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The Nature of Rainbows

The Nature of Rainbows

Credit: Marco Franchino
Source: http://www.flickr.com/photos/little_frank/389529610/
License: CC BY-NC 3.0

Formed by reflection, rainbows can be seen anywhere light passes through a medium of spherical water droplets.

Amazing But True

Credit: Jesus Solana
Source: http://www.flickr.com/photos/65069067@N00/2090207379
License: CC BY-NC 3.0

The combination of water and sunlight creates rainbows [Figure2]

  • Process to create a rainbow as light passes through a medium of spherical water droplets:
  1. Light is initially refracted as it enters a raindrop
  2. Light is reflected off the back of the raindrop
  3. The original beam is one again refracted as it leaves the drop of water.
  • As a beam of light is refracted when it passes through the raindrop, it is refracted through different angles causing a splitting of the white light. This splitting is due to the difference in wavelength of the white light. As a result, shorter wavelength light (blue) is refracted at a greater angle than red light.
  • Rainbows can be seen anywhere water drops are present in the air and sunlight is able to shine through. An interesting fact about rainbows is that every rainbow you see is unique only you. Even if you had someone standing right next to you, the rainbow they see is a different rainbow than the one you are seeing.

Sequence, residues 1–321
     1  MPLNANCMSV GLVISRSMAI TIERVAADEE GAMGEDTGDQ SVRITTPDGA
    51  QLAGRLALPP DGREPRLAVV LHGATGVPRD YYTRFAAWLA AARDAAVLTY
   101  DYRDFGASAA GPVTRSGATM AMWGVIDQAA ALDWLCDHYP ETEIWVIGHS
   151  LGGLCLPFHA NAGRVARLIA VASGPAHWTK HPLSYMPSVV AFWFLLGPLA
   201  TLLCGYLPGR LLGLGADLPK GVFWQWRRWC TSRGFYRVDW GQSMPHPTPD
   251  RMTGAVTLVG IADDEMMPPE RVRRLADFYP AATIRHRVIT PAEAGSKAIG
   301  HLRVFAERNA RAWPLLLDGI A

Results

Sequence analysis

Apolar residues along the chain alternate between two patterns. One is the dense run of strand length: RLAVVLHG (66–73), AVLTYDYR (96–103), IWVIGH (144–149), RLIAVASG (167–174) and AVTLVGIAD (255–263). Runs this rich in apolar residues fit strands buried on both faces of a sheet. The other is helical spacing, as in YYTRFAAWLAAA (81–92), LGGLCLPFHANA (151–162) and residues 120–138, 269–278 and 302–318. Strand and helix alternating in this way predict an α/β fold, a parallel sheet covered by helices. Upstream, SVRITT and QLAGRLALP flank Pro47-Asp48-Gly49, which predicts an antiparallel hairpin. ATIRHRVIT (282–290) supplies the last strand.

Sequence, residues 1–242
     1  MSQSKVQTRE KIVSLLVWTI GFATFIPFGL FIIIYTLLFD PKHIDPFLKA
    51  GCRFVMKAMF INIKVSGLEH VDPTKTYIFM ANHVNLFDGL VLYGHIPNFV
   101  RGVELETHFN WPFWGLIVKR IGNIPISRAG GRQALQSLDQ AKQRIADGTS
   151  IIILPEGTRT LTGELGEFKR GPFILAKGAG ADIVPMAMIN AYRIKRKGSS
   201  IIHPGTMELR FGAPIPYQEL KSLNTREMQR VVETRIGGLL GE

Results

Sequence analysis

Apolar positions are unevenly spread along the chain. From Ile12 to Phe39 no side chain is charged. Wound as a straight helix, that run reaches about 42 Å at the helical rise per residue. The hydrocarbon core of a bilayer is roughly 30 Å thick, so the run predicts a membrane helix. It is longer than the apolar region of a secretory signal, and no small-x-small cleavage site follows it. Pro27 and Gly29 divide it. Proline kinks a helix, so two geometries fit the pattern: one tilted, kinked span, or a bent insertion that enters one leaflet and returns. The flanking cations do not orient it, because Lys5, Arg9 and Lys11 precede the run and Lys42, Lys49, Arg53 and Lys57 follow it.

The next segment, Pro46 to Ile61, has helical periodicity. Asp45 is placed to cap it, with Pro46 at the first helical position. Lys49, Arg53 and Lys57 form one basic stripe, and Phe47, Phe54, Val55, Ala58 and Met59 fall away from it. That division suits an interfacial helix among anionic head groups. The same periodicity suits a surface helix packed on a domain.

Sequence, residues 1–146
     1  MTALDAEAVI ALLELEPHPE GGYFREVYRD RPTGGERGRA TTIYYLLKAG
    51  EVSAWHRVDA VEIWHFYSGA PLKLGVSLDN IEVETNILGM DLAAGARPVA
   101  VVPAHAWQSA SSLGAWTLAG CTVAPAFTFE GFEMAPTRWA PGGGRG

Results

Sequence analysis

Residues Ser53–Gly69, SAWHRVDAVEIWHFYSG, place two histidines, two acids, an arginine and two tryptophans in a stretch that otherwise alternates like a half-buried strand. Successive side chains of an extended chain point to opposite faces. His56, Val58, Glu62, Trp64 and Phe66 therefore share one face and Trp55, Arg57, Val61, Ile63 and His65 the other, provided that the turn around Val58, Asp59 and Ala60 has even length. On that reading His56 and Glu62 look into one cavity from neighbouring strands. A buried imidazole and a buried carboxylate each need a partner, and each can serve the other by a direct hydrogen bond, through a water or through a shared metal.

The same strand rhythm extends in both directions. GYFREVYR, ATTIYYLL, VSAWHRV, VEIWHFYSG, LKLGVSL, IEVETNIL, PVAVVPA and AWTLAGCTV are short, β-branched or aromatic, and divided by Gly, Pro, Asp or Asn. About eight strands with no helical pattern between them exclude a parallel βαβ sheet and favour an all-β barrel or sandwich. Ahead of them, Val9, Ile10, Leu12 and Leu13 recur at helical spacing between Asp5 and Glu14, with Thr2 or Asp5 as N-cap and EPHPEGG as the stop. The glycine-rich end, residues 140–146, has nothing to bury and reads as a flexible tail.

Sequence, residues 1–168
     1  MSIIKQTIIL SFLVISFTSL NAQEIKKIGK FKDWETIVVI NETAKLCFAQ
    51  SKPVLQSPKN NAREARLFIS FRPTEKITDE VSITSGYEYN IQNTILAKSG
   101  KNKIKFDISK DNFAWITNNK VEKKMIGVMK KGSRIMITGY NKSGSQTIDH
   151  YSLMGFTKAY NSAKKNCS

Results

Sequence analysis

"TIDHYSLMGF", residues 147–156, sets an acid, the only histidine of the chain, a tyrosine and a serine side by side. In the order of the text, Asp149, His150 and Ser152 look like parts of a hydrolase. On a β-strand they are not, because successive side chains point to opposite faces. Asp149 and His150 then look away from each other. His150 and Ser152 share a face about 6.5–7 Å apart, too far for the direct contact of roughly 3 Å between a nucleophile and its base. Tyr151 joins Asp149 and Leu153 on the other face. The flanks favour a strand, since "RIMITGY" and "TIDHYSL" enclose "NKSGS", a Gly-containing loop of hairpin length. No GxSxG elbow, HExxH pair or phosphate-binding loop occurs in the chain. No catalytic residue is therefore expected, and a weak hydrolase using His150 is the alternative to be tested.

• Learn more about the color spectrum and rainbows: 

http://www.youtube.com/watch?v=gtgBHsSzCPE

Show What You’ve Learned

Using the information provided above, answer the following questions.

  1. What colors primarily make up white light?
  2. What color is not adsorbed by a red apple?
  3. If a material adsorbs all the colors of the visible light spectrum, what color is the material?

Image Attributions

  1. [1]^ Credit: Marco Franchino; Source: http://www.flickr.com/photos/little_frank/389529610/; License: CC BY-NC 3.0
  2. [2]^ Credit: Jesus Solana; Source: http://www.flickr.com/photos/65069067@N00/2090207379; License: CC BY-NC 3.0

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